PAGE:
Larry Harris had heard that little voice in his head several times warning him about the stupidity of his actions and the danger of the company he was keeping, but it took a 20-year prison sentence for him to finally stop running and start hearing what it was saying.
That little voice had spoken to him when, as a young man, after his grandfather's death and parents' divorce, he medicated his pain by drinking heavily, moving in with a topless dancer, and taking cocaine.
"I really was a good person at heart and helped everybody I could, but I could not walk away from the things that made me feel good," he confesses.
That desire to help others led to Larry becoming a firefighter. In the course of his work, he again heard the voice trying to get his attention. One day he went out on an emergency call to a house fire after a hard night of partying. Not thinking clearly he rushed into the building without a mask or oxygen tank and within five minutes became lost and confused.
"For the first time in my life I thought about God and even called out His name to help me. I knew of God, but I did not know God," Larry explains.
A minute later he was pulled out by another firefighter from a different district who should not really have been there. Larry was not sure whether it was an act of God but it certainly gave him something to think about.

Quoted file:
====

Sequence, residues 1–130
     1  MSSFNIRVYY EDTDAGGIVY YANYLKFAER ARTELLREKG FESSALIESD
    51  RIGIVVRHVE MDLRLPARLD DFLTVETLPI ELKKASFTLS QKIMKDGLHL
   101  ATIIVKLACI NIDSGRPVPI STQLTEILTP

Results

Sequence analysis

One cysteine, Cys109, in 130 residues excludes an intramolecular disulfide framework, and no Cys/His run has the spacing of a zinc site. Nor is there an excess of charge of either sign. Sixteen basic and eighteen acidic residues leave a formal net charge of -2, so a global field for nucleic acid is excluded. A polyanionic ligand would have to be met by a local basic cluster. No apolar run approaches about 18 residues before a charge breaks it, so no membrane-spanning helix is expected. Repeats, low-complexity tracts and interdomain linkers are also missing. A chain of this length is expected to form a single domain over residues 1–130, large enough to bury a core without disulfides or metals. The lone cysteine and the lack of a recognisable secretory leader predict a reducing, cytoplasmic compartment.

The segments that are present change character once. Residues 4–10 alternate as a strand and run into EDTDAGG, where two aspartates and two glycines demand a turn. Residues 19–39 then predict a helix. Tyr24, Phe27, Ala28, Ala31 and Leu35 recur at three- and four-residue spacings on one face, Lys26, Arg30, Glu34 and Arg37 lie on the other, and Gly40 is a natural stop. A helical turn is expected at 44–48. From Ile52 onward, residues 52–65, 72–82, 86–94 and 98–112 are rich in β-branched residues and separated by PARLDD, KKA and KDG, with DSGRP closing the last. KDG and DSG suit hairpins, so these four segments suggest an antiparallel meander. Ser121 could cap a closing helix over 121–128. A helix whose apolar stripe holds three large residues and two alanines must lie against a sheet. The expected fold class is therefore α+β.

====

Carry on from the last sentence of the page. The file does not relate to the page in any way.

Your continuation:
Then he was involved in a very serious car accident, where he flipped the car five times, and his family was told that nothing could be done for his injuries and he would probably die. The doctors said it would take a miracle to save his life, and, after just 28 days and much prayer from his family, Larry walked out of hospital remembering the insistent small voice he had heard just before the crash.
The following week he went to church and prayed, giving his life to the Lord. But looking back he says that he is not sure how sincere that prayer was. It didn't really change the way he lived.
It took another 14 years, and another car accident, in which Larry's fiancé was killed, for him to finally, and literally, fall to his knees and surrender his life to God.
The driver of the vehicle had fled the scene leaving Larry to carry the blame and be charged with intoxicated manslaughter. He was sentenced to 20 years in prison.
Although he could have given in to bitterness at his unjust treatment, six years later he sees his situation with the perspective of faith "In human's eyes prison was meant for punishment but in God's eyes it was meant for healing! You see, I did not get punished, I got saved!
"God now had me in a place where I could no longer run. He tried so many times before to get my attention, but I would pretend not to hear Him. But now, God is all I hear," Larry confesses.
And it has made all the difference in his life.
"The things I once thought were fun are just a stupid memory of my past. The only thing God allowed me to hold on to was my passion to help others. He has now surrounded me with all kinds of people to help. The wisdom I had needed my whole life I now have. The hole that was once in my heart is now filled. I now have forgiven those who wronged me. I now put the needs of others before my own, because God has said He will supply all my needs.
"God removed the junk out of my life and I now live for Him," Larry declares.
That "junk" included the desire Larry had to drink, do drugs, and lie.
"Today I can say that God is real!" Larry insists. "He has delivered me from all my addictions. He has removed all my fears and worries and has fixed the broken relationships.
"Even in prison, I am free!"•